I think you just need to allow yourself time to grieve. The word “grieve” may sound crazy because I know it’s not like anybody died or there was any great “tragedy.” But you *have* suffered a profound loss. Your season (which you cared deeply about) is over; you will never play on this particular team (which you gave so much of yourself to for so many months) again; and you will never be high school teammates with some of those guys again (and those kinds of bonds are rare and special and hard to replicate in the “real world”).
People who have never experienced those kinds of losses can never understand just how much all of that hurts. You gave yourself completely to something, and it didn’t turn out like you wanted. And to make it even worse, now it’s gone. Over. Done. That’s hard and it hurts.
But (and this is the part you probably don’t want to hear, but it’s true so I’ll say it anyway…) that’s how life works. Everything passes. You’ll eventually lose everything—your parents, your friends, your health, your pets, your youth, and, inevitably, your life. It’s all gonna pass away, just like this season, and this team.
Which, to me, is all the more reason to give those things you love and care about everything you’ve got. It all goes by so fast, and the ONLY thing you’re guaranteed is that it WILL, in fact, go by.
This can all be pretty depressing UNLESS you just accept it as reality (because it is), and THEN you can be freed up to focus all your energy and attention on giving every single moment of the rest of your career the very best you’ve got….which brings me back to my very first point in this email.
As the seasons go by, and as you experience the feelings of sadness and disappointment that you’re experiencing now, and as you begin to get a clearer and clearer sense of the finite-ness (not sure if that’s a word) of your career, your sense of urgency will grow exponentially. That’s why seniors often play with such care and passion. It’s why aging superstars are willing to take less money and less playing time to get on a team that has a chance to win a championship. You begin to realize what matters and what doesn’t, and you begin to sense how precious an opportunity it is to get to be an athlete who’s playing for something that matters with people who matter to you.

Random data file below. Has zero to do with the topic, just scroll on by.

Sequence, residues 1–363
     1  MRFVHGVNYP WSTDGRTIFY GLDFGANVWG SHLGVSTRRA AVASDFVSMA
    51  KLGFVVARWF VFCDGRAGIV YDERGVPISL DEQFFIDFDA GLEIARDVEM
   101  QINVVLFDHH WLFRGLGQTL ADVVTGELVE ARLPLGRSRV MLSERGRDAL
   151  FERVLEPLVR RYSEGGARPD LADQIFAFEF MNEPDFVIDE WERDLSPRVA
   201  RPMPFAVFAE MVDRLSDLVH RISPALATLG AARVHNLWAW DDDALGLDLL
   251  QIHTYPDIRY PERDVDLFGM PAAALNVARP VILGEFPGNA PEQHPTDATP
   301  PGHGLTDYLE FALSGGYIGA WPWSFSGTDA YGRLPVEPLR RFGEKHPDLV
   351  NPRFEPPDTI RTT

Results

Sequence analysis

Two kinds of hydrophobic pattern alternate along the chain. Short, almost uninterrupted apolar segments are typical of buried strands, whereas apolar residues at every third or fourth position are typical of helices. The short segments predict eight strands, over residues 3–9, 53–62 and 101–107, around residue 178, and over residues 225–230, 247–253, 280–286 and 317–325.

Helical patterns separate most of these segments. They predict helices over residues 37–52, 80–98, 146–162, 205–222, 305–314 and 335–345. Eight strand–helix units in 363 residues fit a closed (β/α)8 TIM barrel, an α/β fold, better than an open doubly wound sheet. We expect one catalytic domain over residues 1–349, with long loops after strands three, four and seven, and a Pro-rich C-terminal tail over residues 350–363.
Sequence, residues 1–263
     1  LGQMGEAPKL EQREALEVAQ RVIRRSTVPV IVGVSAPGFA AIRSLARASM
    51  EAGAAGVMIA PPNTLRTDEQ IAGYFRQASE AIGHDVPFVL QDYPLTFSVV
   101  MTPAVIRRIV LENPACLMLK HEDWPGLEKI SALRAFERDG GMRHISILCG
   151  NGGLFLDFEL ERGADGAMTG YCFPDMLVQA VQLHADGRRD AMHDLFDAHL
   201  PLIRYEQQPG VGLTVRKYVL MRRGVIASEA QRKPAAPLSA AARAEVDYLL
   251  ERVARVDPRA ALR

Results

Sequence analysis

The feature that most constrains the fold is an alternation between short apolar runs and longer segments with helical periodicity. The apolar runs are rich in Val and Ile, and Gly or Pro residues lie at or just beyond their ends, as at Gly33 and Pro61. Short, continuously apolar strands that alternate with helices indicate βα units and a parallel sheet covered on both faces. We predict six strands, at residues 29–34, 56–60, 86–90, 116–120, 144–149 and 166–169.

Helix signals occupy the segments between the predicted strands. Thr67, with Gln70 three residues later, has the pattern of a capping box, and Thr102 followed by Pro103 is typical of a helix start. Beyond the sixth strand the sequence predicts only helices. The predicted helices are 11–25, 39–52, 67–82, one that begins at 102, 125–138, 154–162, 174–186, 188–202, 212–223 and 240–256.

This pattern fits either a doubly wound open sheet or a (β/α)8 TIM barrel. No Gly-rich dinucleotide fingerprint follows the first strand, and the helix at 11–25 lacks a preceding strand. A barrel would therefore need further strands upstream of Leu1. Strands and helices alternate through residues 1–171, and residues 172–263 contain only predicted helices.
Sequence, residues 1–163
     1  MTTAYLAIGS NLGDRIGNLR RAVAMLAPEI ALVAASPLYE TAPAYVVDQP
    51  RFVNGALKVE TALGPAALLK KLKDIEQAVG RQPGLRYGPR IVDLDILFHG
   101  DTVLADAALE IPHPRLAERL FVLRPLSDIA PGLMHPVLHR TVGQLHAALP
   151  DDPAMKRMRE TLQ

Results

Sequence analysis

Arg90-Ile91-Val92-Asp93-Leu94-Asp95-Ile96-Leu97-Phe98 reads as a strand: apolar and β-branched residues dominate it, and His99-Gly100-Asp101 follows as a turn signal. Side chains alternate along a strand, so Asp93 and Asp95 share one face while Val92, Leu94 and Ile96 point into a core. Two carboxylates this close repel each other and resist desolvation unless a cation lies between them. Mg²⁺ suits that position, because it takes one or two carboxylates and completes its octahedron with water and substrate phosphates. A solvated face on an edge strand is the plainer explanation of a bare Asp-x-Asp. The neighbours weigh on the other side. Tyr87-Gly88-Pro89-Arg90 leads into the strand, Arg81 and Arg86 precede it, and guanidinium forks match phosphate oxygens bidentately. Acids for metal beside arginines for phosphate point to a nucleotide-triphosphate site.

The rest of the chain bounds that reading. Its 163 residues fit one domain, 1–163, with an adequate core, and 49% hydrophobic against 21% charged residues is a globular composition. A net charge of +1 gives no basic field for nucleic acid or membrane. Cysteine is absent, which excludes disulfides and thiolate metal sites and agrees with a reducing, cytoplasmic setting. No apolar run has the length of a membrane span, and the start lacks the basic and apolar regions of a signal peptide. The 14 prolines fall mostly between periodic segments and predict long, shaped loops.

So my point is…everything you’re feeling right now is appropriate and even good. Don’t resist it. Be sad. Be disappointed…Until you’re not anymore (and it will go away, I promise). And then, you will do what every great athlete and every great hero does…you will pick yourself up, dust yourself off, dream your next dream, and you’ll go at it again…even though you know the risk and how much it will hurt when it’s over. But really, that’s the only way to fly in my opinion. Way more fun, exciting, meaningful, and fulfilling than living a life where you play small and never put your heart on the line for anything that matters to you.
And one last thing…while winning a championship *would* feel really sweet and could be incredibly rewarding, the truth is that even THAT feeling will pass after a few weeks or even days. And then you would STILL have to feel the sadness and disappointment of not playing with some of your teammates again and of not ever having this particular team together again. So don’t fall into the trap of believing that winning a championship will make you not have to feel the pain of the ending of something you love. Granted, it would make it a lot easier and is the preferable way to end a season. But what’s *more* important is always that you gave your best in every moment, regardless of whether or not you were fortunate enough to be on the team that won the last game of the season.
Those are my quick thoughts. I’m really glad you decided to write me. You’re doing big things, even though you may be feeling like you came up short this season. These are important conversations and important life moments, and it’s an honor to get to share them with you.
Stay in touch,